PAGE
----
1495: In the peaceful medieval city of Zons, on the banks of the Rhine, a young woman is found hanging from a parapet, raped and mutilated. A month later, another maiden falls prey. Bastian Mühlenberg, head of the City Guard, is determined to decipher the murderer's gruesome code, unaware that he and the woman he loves are in the killer's sights. With the help of an old psychic, a priest, and the stars above, Mühlenberg must solve the "fatal puzzle" before it's too late.
Present day: Journalist Emily Richter is thrilled when she's assigned a series of articles about the historic Zons killings. However, right before her stories are to be published, a young woman's body is found hanging from a city tower - grossly maimed and wearing a linen gown, like her medieval predecessors. Detective Oliver Bergmann leads the investigation, tapping the knowledge of the attractive young journalist. Working together - and using Mühlenberg's old notes - they race to stay one step ahead of the copycat killer.
©2013 Alexander Hartung (P)2014 Brilliance Audio, all rights reserved. Translation © 2014 by Julia Knobloch.
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"It had promise..."
I was curious when I saw the length of the book and wondered if an author could do justice to a good, complex thriller in that time frame.
The story was interesting, shifting from present day to 15th century and back many times. The shifts are well marked (important). Takes place in Germany (German author - good translation ). I found there's a nagging sense of the supernatural in the tone, and I was hoping the author could resolve it without going there.
So I listened to it. And as it's wrapping up, the one puzzler as to whether the supernatural or time travel was involved has not been answered.
And I swear, practically in the middle of a sentence that is beginning a next chapter, the narrator says: "to be continued..."
In my opinion, if the author had left it where Anna is wondering if she has imagined her encounters with Bastian, that would have been satisfactory. Kind of leave it to the reader to decide. That makes this book something that could stand alone, and I would have given it a better rating.
I don't know whether, all in all, I liked the story enough that I would want to continue with the series. I think a series based on a modern-day writer researching crimes of the past might be interesting, and I don't know whether that's where this author is going.
"Which is worse? Story? Narration? Doesn't matter!"
Wow, that was just bad. The only one overly excited about this story was the narrator, who was REALLY enthusiastic. Maybe he was trying to make lemonade out of the bag of lemons he was given, but again - wow.
"Spoilers Below (Marked), Unexciting"
I like historical mysteries and I have had some success when it comes to enjoying books from the Crossing imprint translated from the German. This one that I chose from Kindle Unlimited was not particularly exciting though. I'm not sure if it is the writer, the translator or the narrator who is the problem. One of the features that attracted me to this book was the availability of Audible narration. The narrator's voices was not unpleasant but there was something about it that just made it not too exciting. It felt a bit bland and when I went back and read a few chapters without listening to the narration I though it was a better book without the narration-- better but still not good.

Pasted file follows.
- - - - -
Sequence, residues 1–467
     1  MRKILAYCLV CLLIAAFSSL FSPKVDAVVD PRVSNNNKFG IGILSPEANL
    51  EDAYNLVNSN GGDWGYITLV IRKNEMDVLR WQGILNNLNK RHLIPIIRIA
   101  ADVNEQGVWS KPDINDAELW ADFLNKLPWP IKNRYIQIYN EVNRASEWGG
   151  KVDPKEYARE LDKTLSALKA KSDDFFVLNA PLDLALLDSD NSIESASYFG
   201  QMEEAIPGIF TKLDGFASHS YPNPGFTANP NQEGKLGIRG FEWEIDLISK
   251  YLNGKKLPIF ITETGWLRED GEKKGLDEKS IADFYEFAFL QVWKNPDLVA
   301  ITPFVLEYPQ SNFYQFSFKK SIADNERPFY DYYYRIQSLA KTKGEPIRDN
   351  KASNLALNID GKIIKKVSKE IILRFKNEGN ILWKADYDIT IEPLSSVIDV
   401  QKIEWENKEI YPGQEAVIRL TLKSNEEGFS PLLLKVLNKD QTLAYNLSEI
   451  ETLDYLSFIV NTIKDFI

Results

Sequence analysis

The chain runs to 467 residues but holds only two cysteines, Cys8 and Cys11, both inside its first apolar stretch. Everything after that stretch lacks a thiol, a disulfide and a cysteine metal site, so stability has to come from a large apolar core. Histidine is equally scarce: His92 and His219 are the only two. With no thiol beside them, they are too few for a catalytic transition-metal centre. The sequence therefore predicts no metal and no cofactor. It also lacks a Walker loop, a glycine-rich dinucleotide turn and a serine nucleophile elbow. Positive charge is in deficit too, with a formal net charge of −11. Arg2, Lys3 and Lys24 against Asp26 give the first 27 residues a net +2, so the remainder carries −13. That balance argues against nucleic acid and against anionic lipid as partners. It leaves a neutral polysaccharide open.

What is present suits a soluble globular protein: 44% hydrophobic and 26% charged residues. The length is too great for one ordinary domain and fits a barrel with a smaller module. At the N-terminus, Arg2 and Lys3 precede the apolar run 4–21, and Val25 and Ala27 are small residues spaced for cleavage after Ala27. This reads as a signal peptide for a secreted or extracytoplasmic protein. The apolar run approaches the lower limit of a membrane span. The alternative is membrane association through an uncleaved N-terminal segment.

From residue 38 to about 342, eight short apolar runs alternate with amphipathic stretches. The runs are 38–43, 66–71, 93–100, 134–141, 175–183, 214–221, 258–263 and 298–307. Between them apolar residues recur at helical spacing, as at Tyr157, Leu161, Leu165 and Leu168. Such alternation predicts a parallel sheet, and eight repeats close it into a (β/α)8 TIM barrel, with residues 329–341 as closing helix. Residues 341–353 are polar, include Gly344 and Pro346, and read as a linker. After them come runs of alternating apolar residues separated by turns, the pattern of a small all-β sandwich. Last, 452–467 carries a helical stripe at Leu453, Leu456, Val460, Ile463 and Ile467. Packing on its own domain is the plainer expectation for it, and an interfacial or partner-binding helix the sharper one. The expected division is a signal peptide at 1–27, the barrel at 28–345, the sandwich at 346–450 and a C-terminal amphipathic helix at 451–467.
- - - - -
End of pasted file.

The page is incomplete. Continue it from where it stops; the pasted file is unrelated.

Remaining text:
Set in the late 15th century in the city of Zons-- at least in part, the other part was set in contemporary Zons, it's sort of a police procedural, sort of a serial killer novel and all a bit dull. The two contemporary heroines are young attractive women, one working in a bank, the other just starting a journalism career by writing about killings that took place some six hundred years in the past. The banker had just had a relationship end when she found out that her long time boyfriend was gay and wanted to marry her best male friend. That felt off kilter because it was just stated without considering how the characters felt about this.
In Zons of 1495 (more Renaissance I would have thought than Medieval) a detective, the son of a Mill owner, is trying to discover a murderer who had assaulted, mutilated and killed a young girl. I saw some references to historical inaccuracies in the book, but some of the things cited as unlikely didn't really strike me as a problem. For instance, there was a fairly high rate of literacy among the German Burghers and printing presses were spreading across Europe at a good clip due to this.. Paper was relatively cheap (as compared to parchment) and pocket notebooks existed.
Nope, it's not the history that bothers me so much as the
Big ole deus ex machina that leaps out and saves the day. There is also the really odd device of the killer rendering his victims cooperative by pouring an overly large quantity of wine down their throats. I would have thought it would have made them throw up rather than become hopelessly intoxicated.
So if you really want to read this book then you should read it and not listen to it and don't complain if at the end of the 15th century section your mouth falls open and you wonder what was that all about?
"Great German murder mystery!"
Great 1400's murder mystery and preset day copy cat set in Germany. Definitely a book that leaves no loose ends.
I love a good puzzle, and this one did take a while to figure out. There were twists and turns until the end. Really delves into the evil of the culprit. Could have been longer, but I gather this is part one of a series, so I will look for the rest of it.
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